During the third quarter of 2007, we entered into thirteen interest rate swap transactions with an aggregate initial notional amount of U.S. $325 million with various banks ("Tranche B Swaps"). These swaps will expire on March 10, 2012. The Tranche B Swaps were entered into as a cash flow hedge on Tranche B of the credit facility discussed above. The Tranche B Swaps exchange the floating rate of LIBOR for an average fixed rate of 4.62 percent per annum.
The U.S. $1,500 Million Credit Facility, U.S. $500 Million Bridge Loan and Related Interest Rate Swaps
To finance the acquisition of Oakley, on October 12, 2007, we and our subsidiary Luxottica U.S. Holdings Corp. ("U.S. Holdings") entered into two credit facilities with a group of banks providing for certain term loans and a short-term bridge loan for an aggregate principal amount of U.S. $2.0 billion. The term loan facility is a term loan of U.S. $1.5 billion, with a five-year term, with options to extend the maturity on two occasions for one year each time. We exercised the first option to extend the final maturity of this facility by one year to October 12, 2013. The term loan facility is divided into two facilities, Facility D and Facility E. Facility D consists of an amortizing term loan in an aggregate amount of U.S. $1.0 billion, made available to U.S. Holdings, and Facility E consists of a bullet term loan in an aggregate amount of U.S. $500 million. We borrowed U.S. $500 million under Facility E. Each facility has a five-year term, with options to extend the maturity on two occasions for one year each time.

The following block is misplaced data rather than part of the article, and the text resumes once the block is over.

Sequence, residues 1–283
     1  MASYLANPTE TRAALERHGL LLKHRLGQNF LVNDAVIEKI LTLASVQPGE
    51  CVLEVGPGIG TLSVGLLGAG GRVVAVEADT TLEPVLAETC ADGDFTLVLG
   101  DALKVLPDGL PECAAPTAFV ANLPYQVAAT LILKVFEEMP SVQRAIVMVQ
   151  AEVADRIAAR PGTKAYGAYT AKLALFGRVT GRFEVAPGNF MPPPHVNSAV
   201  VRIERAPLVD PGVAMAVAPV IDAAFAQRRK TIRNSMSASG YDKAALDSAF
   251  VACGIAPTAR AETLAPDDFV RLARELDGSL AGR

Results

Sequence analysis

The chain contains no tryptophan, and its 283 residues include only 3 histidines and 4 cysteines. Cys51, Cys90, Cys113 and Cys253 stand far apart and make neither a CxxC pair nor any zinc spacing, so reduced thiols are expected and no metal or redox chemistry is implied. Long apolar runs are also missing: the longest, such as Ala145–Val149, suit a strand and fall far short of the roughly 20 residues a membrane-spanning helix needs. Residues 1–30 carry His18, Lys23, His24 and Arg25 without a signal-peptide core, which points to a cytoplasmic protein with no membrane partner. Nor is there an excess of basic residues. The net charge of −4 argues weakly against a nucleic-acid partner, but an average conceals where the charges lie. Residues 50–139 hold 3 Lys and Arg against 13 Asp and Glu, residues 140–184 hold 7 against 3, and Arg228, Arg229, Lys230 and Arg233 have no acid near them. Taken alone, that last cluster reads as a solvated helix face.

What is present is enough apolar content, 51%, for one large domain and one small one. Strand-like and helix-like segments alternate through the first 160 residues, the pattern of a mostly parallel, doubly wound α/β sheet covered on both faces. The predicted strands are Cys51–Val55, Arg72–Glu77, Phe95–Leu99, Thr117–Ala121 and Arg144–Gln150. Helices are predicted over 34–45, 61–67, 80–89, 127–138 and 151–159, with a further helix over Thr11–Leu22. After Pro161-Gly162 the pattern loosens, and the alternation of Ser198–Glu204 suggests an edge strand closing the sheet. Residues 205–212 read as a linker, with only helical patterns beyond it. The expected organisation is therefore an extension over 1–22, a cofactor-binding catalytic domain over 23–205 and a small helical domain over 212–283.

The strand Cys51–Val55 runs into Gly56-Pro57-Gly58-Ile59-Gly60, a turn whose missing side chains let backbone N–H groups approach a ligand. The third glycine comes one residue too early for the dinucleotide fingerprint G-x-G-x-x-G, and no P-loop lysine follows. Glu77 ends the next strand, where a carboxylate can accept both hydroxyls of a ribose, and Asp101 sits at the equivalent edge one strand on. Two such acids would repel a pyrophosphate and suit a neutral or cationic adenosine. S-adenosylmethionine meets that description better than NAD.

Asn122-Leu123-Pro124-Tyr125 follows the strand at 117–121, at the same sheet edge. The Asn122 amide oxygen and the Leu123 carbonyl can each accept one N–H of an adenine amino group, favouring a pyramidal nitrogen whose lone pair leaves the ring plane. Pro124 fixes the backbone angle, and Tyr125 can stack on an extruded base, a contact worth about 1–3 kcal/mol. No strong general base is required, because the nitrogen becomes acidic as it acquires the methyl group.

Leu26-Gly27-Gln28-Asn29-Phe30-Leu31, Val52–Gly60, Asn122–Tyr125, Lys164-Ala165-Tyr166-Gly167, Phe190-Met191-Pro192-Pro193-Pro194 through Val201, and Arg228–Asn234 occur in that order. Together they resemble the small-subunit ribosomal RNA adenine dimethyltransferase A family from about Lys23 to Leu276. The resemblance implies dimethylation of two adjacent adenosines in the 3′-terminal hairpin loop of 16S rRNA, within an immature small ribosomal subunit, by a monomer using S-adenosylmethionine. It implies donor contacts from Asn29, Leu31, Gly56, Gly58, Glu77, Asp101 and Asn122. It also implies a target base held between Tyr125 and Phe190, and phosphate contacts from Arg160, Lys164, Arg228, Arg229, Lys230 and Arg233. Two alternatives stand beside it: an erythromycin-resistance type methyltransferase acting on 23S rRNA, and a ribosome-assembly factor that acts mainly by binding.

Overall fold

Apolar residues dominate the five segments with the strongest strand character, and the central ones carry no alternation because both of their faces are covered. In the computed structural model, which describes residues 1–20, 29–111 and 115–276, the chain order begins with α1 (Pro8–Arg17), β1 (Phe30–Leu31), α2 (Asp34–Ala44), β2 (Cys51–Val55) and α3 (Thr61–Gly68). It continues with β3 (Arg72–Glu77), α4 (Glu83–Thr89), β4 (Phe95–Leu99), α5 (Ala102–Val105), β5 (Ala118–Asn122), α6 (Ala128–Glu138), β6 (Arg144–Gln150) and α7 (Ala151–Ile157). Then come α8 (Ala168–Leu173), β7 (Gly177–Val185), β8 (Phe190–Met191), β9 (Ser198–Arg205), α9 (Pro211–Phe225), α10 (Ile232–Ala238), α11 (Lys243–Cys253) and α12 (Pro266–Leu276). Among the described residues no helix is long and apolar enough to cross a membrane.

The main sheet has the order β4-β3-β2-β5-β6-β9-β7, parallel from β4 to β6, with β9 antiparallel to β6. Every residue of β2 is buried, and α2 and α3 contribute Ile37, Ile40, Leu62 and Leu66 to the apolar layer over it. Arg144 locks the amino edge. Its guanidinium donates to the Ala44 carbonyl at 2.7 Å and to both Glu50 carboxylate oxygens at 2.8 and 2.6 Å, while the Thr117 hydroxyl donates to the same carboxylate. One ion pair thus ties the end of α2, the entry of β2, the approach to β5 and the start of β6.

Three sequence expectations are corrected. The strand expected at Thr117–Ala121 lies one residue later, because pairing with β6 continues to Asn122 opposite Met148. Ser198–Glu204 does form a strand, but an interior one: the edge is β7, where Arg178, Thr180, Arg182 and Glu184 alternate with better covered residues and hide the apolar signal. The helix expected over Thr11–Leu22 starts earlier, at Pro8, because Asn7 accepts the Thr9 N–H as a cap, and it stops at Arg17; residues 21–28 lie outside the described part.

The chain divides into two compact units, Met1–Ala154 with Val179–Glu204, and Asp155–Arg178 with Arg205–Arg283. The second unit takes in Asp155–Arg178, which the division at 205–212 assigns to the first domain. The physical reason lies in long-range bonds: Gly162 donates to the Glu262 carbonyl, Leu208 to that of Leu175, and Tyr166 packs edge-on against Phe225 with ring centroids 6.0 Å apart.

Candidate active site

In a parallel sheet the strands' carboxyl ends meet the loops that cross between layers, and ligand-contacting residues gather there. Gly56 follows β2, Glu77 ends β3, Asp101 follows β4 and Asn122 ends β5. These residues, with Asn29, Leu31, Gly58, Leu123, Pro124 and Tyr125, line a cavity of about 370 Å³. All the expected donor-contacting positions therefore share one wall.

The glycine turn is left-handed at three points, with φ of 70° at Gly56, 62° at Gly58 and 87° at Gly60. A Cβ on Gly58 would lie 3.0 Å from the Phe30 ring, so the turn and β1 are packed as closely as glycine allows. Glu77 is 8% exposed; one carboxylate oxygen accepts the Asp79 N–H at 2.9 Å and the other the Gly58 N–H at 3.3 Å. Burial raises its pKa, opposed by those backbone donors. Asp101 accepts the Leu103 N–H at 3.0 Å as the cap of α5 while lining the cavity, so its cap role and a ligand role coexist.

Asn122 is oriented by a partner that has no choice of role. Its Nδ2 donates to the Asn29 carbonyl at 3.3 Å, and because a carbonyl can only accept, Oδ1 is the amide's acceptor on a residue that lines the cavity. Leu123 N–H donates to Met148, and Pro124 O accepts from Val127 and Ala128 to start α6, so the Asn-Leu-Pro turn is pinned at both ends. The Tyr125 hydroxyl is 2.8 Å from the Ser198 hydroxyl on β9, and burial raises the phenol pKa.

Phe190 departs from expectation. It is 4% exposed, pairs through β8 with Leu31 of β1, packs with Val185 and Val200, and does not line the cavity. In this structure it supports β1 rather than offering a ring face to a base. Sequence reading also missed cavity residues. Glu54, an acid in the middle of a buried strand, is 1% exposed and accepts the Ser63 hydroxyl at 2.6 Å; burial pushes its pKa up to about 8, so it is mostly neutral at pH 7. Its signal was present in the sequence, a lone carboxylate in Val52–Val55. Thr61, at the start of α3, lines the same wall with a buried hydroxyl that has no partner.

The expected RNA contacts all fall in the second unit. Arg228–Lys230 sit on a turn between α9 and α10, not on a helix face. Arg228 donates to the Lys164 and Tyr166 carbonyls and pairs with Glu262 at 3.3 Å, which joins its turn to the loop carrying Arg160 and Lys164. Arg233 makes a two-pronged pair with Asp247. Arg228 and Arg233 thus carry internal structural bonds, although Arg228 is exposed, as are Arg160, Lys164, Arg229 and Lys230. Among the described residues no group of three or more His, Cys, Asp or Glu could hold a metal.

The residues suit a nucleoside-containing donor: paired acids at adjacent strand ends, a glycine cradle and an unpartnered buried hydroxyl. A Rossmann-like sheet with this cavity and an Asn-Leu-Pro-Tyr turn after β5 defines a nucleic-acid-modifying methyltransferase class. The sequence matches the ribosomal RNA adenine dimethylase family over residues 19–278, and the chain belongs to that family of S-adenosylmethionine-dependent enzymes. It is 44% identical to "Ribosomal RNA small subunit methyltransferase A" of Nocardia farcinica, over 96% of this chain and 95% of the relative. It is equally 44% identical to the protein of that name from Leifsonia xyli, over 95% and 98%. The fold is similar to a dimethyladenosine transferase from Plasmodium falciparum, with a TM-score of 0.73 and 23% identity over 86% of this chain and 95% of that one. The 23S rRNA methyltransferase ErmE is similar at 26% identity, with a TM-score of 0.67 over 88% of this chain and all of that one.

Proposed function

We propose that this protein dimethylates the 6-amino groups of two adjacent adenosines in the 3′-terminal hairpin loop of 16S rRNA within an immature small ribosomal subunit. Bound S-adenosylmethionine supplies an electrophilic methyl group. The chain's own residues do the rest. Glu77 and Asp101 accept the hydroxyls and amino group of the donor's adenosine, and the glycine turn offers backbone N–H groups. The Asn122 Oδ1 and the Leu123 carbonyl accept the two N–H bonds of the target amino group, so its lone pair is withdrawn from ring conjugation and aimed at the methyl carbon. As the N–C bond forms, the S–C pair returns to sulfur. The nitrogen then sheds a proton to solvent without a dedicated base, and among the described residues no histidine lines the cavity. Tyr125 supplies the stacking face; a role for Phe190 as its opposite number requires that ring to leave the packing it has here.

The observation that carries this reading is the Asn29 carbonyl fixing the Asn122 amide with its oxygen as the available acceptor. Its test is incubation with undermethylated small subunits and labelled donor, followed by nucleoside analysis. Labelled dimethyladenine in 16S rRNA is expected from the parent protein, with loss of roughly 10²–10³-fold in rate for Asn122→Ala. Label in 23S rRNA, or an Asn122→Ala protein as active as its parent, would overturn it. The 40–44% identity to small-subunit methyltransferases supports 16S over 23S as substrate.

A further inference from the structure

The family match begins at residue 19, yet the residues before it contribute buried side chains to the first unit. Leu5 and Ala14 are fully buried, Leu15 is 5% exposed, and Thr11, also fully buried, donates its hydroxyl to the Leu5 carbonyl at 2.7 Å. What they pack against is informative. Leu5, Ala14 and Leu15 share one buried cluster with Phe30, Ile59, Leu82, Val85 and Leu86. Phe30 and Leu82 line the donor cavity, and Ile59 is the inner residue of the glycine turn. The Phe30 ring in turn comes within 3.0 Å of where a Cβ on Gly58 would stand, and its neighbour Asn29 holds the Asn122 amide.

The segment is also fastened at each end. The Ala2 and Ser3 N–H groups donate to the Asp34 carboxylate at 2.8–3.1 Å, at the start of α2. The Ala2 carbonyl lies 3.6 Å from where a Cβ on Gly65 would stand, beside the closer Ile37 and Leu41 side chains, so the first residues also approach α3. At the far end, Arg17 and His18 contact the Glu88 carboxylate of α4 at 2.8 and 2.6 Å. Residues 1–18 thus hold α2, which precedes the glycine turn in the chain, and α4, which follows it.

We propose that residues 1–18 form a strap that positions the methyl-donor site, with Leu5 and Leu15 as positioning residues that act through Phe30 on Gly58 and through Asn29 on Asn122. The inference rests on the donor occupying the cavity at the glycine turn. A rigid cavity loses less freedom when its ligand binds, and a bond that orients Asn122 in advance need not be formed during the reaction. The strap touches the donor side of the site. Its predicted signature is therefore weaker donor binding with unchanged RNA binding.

The term loan has a spread of between 20 and 40 basis points over LIBOR, depending on the Group's ratio of debt to EBITDA. Interest accrues on the term loan at LIBOR (as defined in the agreement) plus 0.30 percent (0.589 percent for Facility D and 0.602 percent for Facility E on December 31, 2010). The final maturity of the credit facility is October 12, 2013.